Mead to bring ‘Game of Thrones’ tipple to modern drinkers
London’s first and only meadery for 500 years has created a range of flavoured mead in cans as it looks to offer a modern take on the medieval drink.
Peckham-based Gosnells of London launched the line-up – which comes in four varieties – last month and is pitching them as a lower alcohol alternative to wine.
The 4% ABV drinks’ flavours include: Hibiscus (fruity and tart), Hopped (IPA-inspired), Sour (honey and sour notes) and Citra Sea (honey, lemon, tarragon & hops). They are available to the trade via Matthew Clark (RRP £2.90/can off-trade).
Popularised in recent years by the hit TV series Game of Thrones, mead is produced by fermenting honey and water with added fruits, spices, grains or hops.
It traditionally has a high alcohol content but the brand is hoping to offer a lighter, fresher version as it looks to open up the drink to a wider audience.
“Many people think mead is something from the dark ages, strong and sickly sweet,” said owner and founder Tom Gosnell speaking to FFD about the launch.
“These new meads reflect our place as a London brand based in Peckham – complex, on-the-pace, multifaceted and fun.”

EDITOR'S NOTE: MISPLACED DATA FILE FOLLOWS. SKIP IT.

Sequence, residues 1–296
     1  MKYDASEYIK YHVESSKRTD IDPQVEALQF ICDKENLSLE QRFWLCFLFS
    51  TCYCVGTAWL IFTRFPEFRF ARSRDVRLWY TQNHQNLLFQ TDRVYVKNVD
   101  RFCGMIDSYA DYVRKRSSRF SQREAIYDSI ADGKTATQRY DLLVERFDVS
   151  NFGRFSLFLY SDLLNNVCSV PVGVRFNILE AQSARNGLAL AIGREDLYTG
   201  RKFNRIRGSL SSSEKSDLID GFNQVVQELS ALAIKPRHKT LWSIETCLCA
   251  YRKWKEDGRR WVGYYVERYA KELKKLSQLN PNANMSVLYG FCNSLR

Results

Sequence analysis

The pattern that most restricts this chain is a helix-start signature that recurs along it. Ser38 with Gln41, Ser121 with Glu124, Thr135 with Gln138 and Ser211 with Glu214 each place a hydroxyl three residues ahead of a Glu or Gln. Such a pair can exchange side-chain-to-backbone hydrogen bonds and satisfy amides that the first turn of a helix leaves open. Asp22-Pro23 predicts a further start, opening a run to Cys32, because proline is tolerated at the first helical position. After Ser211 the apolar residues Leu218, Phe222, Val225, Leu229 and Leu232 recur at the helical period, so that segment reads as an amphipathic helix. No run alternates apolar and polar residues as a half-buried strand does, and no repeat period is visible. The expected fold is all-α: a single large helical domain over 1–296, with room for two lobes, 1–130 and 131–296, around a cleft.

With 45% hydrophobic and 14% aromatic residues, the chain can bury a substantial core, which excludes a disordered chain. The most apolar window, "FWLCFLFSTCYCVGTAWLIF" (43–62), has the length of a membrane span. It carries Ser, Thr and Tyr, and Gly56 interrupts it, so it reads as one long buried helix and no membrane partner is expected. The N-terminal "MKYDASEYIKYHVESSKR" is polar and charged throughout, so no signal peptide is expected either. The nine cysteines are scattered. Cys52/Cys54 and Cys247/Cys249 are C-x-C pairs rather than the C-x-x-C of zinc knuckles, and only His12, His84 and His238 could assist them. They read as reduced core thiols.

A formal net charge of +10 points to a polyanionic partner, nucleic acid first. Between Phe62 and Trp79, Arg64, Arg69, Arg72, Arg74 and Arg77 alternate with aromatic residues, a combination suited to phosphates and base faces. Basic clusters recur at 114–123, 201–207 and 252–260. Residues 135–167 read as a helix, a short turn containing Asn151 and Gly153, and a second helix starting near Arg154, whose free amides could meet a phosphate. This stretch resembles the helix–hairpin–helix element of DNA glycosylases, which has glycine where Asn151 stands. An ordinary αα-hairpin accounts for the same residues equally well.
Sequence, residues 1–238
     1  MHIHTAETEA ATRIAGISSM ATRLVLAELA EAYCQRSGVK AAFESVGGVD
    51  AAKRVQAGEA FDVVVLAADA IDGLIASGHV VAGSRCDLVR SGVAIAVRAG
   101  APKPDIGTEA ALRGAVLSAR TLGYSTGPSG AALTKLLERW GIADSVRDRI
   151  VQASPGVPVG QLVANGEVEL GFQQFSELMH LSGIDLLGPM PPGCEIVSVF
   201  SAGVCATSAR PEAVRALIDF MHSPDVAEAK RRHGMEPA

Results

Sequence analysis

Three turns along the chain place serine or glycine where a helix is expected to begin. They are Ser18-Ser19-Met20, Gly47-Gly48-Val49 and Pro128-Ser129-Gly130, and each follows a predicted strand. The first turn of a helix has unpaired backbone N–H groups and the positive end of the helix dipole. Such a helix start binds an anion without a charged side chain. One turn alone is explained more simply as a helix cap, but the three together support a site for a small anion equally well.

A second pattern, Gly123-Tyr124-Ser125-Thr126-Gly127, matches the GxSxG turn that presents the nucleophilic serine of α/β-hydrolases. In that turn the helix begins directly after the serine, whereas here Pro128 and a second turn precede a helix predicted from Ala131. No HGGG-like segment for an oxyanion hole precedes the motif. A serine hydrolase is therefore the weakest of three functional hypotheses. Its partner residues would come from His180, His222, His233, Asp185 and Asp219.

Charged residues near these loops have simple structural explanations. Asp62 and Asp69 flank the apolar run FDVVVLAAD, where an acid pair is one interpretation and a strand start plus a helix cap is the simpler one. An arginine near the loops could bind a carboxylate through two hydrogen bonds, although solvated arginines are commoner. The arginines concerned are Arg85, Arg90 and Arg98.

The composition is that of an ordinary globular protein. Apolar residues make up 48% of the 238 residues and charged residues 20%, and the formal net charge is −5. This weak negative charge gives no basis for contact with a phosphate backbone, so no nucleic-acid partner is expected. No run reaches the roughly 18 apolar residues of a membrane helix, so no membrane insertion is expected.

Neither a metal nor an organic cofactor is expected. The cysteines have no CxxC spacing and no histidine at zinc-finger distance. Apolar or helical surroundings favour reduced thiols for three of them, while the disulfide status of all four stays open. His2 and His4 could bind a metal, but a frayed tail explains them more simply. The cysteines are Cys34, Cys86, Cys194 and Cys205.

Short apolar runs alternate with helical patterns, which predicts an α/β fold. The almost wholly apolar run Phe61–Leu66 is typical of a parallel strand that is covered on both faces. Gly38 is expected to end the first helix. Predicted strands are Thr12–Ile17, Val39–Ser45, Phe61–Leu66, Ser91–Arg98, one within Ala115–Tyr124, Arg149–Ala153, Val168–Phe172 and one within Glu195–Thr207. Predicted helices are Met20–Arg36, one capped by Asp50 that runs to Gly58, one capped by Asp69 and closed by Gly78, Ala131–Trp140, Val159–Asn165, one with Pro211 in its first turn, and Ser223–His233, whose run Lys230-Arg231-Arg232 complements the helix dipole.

Gosnells of London, which began in 2014, is targeting both the on- and off-trade with the 330ml cans, a format the brand decided to use for its retail-friendly and environmental qualities.
“Cans are a great format,” said Gosnell. “They’re easily portable, lighter than bottles which means less transport CO2, chill quickly, stack cleverly and are more recyclable.”
In response to whether the brand is looking to attract craft beer drinkers with hop-led flavours and colourful labels, Gosnell said he hopes the mead will appeal beyond the craft beer sector.
“Those who appreciate Champagne, prosecco or English sparkling wines are starting to see our new meads as comparable in complexity of flavour but much lower in ABV,” he said. “Mead has a longer history than wine or beer and there is a big opportunity to explain it. Sampling is key.”
This story appeared in the September issue of Fine Food Digest. You can read more on the digital edition here.
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